Indian shares look set to open lower on Friday, mirroring weak cues from other Asian as the Federal Reserve maintained its gradual tightening path and the Italian government insisted it would stick with its plan to rapidly increase public spending.

Benchmark indexes in Australia, China, Hong Kong and Japan are down between half percent and 2 percent.

Gold edged down and the dollar rose against its major peers as the Fed left rates unchanged but signaled further gradual increases in rates despite signs of a slowdown in the pace of growth in investment.

Oil markets remained weak on concerns over rising supply. U.S. crude oil futures held flat in Asian trade after falling as much as 1.6 percent on Thursday to extend losses to a ninth straight session on concerns over rising inventories and economic uncertainty.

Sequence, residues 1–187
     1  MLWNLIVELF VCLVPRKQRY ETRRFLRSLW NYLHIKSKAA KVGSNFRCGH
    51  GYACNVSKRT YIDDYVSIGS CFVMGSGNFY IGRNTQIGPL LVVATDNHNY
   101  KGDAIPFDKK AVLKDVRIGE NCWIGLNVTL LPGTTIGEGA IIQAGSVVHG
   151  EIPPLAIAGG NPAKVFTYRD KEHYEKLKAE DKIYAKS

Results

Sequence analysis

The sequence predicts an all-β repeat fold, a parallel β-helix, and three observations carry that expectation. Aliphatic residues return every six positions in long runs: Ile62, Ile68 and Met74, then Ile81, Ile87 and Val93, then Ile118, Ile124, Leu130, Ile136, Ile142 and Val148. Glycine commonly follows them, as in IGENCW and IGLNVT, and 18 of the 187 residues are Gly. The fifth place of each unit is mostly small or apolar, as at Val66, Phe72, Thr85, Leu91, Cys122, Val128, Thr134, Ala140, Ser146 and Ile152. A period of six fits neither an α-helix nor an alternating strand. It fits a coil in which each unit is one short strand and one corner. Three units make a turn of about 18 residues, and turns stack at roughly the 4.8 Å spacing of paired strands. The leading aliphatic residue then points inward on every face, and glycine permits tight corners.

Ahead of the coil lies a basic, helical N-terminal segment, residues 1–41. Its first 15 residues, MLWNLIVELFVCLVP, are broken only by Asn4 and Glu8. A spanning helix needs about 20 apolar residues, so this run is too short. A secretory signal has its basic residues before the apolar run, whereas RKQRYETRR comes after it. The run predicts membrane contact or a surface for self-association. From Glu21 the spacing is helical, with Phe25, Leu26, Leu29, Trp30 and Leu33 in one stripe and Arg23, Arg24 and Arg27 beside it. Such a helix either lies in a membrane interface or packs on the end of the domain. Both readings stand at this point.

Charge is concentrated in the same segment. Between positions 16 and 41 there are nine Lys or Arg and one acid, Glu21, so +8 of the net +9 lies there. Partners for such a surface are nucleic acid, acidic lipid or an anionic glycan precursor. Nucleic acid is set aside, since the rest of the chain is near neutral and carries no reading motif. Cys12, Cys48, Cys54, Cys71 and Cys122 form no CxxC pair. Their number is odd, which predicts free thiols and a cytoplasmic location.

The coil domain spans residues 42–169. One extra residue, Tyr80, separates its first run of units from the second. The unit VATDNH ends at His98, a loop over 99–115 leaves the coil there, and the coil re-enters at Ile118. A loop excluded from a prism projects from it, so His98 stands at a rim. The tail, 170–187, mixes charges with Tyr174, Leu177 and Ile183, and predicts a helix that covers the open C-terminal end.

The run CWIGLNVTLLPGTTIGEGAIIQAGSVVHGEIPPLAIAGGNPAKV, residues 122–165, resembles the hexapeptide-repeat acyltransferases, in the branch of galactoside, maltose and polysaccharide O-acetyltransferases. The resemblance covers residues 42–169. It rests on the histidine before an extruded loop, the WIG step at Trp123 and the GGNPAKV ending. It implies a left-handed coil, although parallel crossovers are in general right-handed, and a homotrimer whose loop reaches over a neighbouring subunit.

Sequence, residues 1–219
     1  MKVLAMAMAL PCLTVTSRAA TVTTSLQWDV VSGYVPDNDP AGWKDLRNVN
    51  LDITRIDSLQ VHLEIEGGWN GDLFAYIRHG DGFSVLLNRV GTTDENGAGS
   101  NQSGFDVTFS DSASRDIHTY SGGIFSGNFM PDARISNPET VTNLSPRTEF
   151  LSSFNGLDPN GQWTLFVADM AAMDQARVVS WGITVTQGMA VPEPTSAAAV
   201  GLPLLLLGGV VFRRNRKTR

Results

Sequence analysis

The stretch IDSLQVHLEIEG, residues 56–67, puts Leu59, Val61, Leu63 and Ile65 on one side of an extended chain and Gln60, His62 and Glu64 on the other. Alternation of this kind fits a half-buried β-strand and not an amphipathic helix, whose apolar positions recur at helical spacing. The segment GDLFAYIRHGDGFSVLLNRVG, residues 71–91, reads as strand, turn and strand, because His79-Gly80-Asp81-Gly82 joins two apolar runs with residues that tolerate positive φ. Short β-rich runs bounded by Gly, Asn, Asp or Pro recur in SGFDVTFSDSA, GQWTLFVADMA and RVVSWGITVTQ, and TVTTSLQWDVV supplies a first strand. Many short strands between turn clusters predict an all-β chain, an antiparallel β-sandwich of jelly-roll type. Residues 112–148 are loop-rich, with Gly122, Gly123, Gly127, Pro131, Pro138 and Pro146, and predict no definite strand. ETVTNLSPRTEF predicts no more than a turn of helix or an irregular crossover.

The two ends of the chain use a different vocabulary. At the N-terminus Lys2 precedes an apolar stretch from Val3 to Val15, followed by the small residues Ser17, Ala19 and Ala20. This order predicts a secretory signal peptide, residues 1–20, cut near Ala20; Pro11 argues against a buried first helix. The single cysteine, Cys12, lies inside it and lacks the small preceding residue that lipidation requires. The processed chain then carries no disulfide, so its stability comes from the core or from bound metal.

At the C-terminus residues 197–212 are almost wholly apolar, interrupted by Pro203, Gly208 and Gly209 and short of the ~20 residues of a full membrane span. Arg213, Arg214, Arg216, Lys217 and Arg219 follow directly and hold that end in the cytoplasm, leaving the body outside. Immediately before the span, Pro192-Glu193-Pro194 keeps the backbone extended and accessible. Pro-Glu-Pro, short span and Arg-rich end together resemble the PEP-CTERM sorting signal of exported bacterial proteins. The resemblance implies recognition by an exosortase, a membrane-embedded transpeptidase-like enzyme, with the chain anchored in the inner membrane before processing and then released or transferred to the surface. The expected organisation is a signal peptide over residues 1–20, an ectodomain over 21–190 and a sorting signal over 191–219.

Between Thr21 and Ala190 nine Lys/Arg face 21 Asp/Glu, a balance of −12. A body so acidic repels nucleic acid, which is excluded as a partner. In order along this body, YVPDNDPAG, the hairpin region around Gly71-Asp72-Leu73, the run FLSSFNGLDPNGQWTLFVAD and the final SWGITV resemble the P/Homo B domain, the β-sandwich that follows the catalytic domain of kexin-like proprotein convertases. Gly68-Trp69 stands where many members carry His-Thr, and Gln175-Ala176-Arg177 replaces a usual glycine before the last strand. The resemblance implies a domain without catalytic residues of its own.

With Thursday's decline, crude oil futures have shed as much as 21 percent from early October levels.

Meanwhile, in a report titled 'Global Macro Outlook 2019-20', Moody's Investors Service cautioned that India's GDP growth will slow down to 7.3 percent next year, reflecting higher borrowing cost due to rising interest rates.

Telecom stocks might come under heavy selling pressure today after Moody's Investors Service put Bharti Airtel on a ratings downgrade watch, citing fears of more cashflow trouble and profitability.

Overnight, the Dow Jones Industrial Average inched up marginally, while the S&P 500 slid 0.3 percent and the Nasdaq Composite shed half a percent.

European markets also ended mixed on Thursday after the European Union warned of slowing growth across the single currency bloc.

The pan-European Stoxx Europe 600 index gained 0.2 percent. The German DAX dropped half a percent and France's CAC 40 index slipped 0.1 percent while the U.K.'s FTSE 100 rose 0.3 percent.

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